Your spouse died in Minnesota and you need help. Including me, nobody enjoys talking about death.
During the grieving process and thereafter, consider the following checklist to help you make important decisions.
Step 1: calculate 9 months from your spouse’s death
I agree, focusing on a funeral and making major life changes is stressful. For a moment, lets assume your family has this under control.
The most significant deadline the living spouse needs to know about is 9 months after your spouses death. Starting on the date your spouse died in Minnesota, IRS Form 706 has a 9 month deadline. Wait, what? What does this have to do about anything?
IRS Form 706 is a special form used by the IRS. This form allows your now deceased spouse to pass their unused tax exemptions onto you.
If the wealth you and your spouse shared is modest or minimal, perhaps you care less about this 9 month deadline than me. On the other hand, you would be amazed how quickly life insurance and retirement benefits can turn your modest estate into “I wish I knew about the 9 month deadline”.
Thus, if your spouse died in Minnesota, the first step is knowing there is a 9 month deadline.
Step 2 if your spouse died in Minnesota
If your spouse died in Minnesota, start contacting every insurance company and pension company you and your spouse did business with. If you do not know how to contact an insurance company, start by seeking information from Minnesota’s Department of Commerce.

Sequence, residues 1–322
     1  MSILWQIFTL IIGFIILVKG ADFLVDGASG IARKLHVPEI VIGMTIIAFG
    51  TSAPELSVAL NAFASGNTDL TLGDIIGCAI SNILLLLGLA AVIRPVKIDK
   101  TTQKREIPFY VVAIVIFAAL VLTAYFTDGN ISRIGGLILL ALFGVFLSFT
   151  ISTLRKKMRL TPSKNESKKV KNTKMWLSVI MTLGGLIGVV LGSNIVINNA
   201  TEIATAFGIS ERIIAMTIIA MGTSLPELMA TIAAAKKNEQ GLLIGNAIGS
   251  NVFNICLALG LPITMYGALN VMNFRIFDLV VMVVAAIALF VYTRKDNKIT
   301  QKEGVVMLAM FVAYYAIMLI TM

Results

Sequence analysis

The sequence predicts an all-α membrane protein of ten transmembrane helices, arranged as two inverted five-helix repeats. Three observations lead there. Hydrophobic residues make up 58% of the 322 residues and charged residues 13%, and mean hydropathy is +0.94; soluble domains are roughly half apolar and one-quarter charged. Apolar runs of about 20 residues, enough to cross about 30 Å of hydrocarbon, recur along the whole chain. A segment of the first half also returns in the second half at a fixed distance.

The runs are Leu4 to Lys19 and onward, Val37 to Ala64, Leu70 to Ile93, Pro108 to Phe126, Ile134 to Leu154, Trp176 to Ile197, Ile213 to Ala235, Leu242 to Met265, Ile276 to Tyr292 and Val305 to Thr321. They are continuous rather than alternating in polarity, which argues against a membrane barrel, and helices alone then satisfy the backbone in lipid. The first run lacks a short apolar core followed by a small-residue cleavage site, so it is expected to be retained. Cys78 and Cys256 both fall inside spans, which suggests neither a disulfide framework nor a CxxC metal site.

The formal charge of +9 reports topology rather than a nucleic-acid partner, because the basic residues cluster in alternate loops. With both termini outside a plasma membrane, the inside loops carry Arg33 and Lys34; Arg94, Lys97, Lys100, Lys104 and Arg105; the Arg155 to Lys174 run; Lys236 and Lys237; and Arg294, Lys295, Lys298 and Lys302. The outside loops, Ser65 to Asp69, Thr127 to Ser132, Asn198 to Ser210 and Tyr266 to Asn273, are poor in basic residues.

If your spouse was working during the time they died, contact your spouses’ employer and ask for information on employee benefits your spouse might have signed up for.
Step 3 if your spouse died in Minnesota
If your spouse was receiving social security benefits, I recommend contacting the Social Security Administration. If you have minor children, consider reviewing whether you and your family are eligible for survivor benefits offered through the Social Security Administration.
Step 4 if your spouse died in Minnesota
The next step is to make sure you and your family have continued health coverage. If you and your family are in economic need of benefits, public benefits are available here. If you are a mature adult, you are likely eligible for medicare benefits, which can be found here.
Otherwise, if your spouse died in Minnesota and you do not know what to do about health insurance, consider this resource as an outline for your options.
Final step if your spouse died in Minnesota
The final step is gathering important documents and financial papers. For this step, consider using or buying folders having the capabilities of storing thick packets of information.
In your first folder, place important documents before your spouse died. For example, birth certificates, marriage license, and estate planning documents like a will, health care directive, military records, etc.
In a second folder, place important documents you receive after your spouse died in Minnesota. For example, a death certificate, bills that you receive in the mail, and any information specific to organ donations.
Need more help?
If your spouse died in Minnesota and you need help, please contact this law office.